Young green peas should be boiled for half an hour. If full grown allow three quarters of an hour. Asparagus was cooked for 45 minutes to an hour! You didn’t necessarily need a knife and fork as much as a straw.

Here is a Springtime Bill of Fare for a family of five or six:

First course: Green-pea soup

Second course: Baked Shad

Third Course: Roast Lamb with mint sauce. Green Peas, Asparagus, Potatoes, Sliced   Tomatoes

Fourth course: Lobster Salad

Dessert: Rhubarb Tart and Boiled Custard.

And quietly roll away from the table.

 

Lost and Found

21 Feb

It was 21º – F this morning, and even by my standards, that is darned cold. The Squire decided to wear a coat when he left for the gym, and when he put it on he discovered the pockets were full of “stuff”. Brown paper napkins from a restaurant and a fistful of candy.

When I reminded him that  don’t wear his clothes, he muttered “Well, somebody has been”.  And then the light dawned.

“Oh, no! This isn’t my coat!”

We made a quick rundown of the places he’s been recently – a funeral and to church, and that’s about it, and he didn’t bother with a coat the day of the funeral. He’ll send out a shotgun email to the parish and see if he can return it to the proper person.  If not, it’s a really nice coat.

No Good Deed . . .

9 Feb

The Squire has a Galaxy  S-4 that Eldest Daughter gave him several years ago to bring him into the Smart Phone age. Recently, she found a newer phone – an S-6 – and offered it to her dad. They spent an hour doing what she called a “Smart Swap”, automatically switching all of his info – pictures, contacts, apps, etc. – from the older model to the newer one.

When we got home he discovered the new phone wouldn’t work so he called Eldest Daughter to ask her advice. She checked on-line and discovered that the service did not show it had been changed from one phone to the other, and suggested he call Verizon to see what was up.  The upshot of this three hour marathon is that the S-6 is too old to be activated. And, because the tech at Verizon had deactivated the S-4 in the middle of this mess, it is even older and cannot be reactivated.  The Squire now has two Smart Phones, neither of which work.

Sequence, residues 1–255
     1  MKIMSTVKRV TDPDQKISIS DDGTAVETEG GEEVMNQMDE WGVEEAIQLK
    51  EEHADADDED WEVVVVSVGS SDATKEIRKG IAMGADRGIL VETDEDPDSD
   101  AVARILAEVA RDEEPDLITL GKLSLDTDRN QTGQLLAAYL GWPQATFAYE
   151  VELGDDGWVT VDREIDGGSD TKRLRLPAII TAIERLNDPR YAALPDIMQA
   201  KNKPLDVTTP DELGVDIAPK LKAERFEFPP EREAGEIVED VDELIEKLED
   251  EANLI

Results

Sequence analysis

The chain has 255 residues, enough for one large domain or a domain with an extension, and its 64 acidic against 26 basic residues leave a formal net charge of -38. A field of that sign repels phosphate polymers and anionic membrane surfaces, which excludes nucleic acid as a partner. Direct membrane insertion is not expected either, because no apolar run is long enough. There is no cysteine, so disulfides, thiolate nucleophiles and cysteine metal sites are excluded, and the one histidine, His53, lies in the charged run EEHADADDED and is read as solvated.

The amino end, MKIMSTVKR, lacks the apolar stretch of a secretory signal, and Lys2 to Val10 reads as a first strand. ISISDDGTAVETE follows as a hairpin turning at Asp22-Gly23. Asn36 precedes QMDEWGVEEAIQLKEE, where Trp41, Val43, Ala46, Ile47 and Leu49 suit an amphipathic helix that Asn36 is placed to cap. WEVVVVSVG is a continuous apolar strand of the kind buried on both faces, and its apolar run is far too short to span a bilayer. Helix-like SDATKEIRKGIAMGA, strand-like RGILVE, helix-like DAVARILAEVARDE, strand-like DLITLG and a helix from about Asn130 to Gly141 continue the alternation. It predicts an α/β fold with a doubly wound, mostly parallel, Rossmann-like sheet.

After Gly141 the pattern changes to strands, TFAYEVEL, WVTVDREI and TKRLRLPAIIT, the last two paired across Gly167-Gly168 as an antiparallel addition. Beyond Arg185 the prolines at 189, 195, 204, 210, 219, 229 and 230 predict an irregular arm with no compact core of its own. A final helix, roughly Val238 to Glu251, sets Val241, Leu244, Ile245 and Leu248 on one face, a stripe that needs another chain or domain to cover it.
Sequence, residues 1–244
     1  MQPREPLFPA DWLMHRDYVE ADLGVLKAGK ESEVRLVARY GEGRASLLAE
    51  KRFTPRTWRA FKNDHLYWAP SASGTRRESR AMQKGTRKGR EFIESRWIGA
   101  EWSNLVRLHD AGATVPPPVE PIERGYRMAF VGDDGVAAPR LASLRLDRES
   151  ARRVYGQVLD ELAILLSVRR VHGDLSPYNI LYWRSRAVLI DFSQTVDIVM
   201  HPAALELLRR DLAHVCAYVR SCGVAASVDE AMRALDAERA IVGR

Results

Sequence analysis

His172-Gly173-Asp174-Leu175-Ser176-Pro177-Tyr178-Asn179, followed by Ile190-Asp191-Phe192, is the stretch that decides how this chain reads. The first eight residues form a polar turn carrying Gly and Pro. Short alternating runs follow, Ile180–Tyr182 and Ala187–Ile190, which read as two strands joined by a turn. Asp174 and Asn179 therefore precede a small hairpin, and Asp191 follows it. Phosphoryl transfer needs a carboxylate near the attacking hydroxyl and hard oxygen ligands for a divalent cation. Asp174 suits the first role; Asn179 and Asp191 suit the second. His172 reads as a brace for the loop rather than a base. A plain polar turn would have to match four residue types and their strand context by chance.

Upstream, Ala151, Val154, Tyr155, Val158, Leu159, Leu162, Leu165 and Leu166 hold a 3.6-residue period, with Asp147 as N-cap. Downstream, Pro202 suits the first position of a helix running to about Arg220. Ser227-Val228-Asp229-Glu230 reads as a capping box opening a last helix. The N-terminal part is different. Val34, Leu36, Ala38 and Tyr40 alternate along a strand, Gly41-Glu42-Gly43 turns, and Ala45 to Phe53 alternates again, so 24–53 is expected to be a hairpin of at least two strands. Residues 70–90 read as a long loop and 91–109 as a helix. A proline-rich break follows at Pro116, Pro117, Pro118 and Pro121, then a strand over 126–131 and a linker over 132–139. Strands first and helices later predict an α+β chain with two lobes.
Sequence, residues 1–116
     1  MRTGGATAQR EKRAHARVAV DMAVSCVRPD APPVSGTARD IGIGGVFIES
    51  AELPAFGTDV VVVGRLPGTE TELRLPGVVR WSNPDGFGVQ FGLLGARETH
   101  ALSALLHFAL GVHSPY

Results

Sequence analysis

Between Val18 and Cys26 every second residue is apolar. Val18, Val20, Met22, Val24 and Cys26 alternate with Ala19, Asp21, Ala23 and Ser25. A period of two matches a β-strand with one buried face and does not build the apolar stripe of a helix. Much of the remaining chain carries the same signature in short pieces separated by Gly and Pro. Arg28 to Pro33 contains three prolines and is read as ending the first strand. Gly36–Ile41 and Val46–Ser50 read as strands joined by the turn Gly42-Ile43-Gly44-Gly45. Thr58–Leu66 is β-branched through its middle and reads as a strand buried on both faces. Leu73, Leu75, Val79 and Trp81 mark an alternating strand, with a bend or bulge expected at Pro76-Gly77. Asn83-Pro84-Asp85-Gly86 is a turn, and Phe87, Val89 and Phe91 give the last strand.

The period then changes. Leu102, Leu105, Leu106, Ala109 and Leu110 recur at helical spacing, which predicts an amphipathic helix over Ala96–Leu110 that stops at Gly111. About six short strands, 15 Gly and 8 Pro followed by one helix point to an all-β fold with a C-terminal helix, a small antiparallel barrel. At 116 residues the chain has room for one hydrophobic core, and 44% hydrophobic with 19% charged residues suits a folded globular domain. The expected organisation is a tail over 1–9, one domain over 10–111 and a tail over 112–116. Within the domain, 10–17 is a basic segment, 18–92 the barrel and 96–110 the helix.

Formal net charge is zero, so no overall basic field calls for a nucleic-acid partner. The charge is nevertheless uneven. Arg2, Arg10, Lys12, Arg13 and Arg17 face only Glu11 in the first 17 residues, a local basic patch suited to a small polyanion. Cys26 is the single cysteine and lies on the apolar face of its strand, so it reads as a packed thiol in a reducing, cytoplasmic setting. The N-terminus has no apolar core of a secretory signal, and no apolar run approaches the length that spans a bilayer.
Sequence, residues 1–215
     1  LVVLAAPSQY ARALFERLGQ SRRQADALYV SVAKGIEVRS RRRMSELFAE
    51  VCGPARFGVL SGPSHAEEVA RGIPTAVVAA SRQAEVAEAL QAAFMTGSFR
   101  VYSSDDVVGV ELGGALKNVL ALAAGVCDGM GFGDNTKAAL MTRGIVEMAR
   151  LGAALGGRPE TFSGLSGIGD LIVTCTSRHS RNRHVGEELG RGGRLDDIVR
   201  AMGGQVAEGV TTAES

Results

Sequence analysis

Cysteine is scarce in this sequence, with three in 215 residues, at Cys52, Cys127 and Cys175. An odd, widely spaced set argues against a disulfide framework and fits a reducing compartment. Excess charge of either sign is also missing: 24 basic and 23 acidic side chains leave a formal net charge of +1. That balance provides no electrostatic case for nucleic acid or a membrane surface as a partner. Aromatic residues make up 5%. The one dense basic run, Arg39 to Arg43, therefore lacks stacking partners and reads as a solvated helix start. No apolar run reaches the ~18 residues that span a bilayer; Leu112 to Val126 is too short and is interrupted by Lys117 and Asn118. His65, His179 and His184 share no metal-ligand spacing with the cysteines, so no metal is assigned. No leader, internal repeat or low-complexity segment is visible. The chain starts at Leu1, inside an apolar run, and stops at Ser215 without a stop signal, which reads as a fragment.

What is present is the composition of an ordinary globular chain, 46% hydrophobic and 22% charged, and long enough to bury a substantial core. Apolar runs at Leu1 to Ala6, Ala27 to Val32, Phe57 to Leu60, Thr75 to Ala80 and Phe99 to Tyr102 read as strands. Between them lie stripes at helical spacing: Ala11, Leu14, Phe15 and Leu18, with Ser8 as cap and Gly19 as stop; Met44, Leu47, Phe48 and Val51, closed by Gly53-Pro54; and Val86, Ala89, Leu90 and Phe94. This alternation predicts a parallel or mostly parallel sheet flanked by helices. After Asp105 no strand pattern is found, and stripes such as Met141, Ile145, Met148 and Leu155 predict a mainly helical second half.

Me? I’m sticking with my trusty, dusty flip phone from Target.

A Week’s Work . . .

7 Feb

. . .in one morning.

I had to take the cat to the vet yesterday, and Eddie wasn’t having any of it, thank you very much.

First off, it took me for-bloody-ever to get him into a carrier. Any carrier. He howled and clawed and carried on over the first two, so I had to find keys and boots to get the largest one out of the barn. That bad boy is big enough that our great-grandkids could set up a playhouse in there. While I am trying to wrestle with the cat, the dog is bouncing around, getting under my feet and “talking” up a storm. “What is she doing to you, Eddie? Are you OK?”

“Momma, watch out! Eddie’s mad!”

In the chaos Eddie jumped onto the dining room table and knocked over a glass of juice, so everything was on hold until I got that mopped up before it ran on to the carpet.  Once I managed to jam the cat into the carrier, I had to get out the door. Eddie weighs fifteen pounds and I’d wager the carrier is at least that heavy. And it is HUGE.  (I think it might be the one we had for Brinks, our beloved pit-boxer mix.)

It took me so long to get through the door that I set off the alarm, and then I discovered I’d left my keys on the counter. Dash around to get the house key – a two step job, as the actual key is located elsewhere – and of course, by the time I unlocked the door, the alarm company was on the phone, about ten seconds away from calling the cops.

And I still managed to get to the vet’s on time!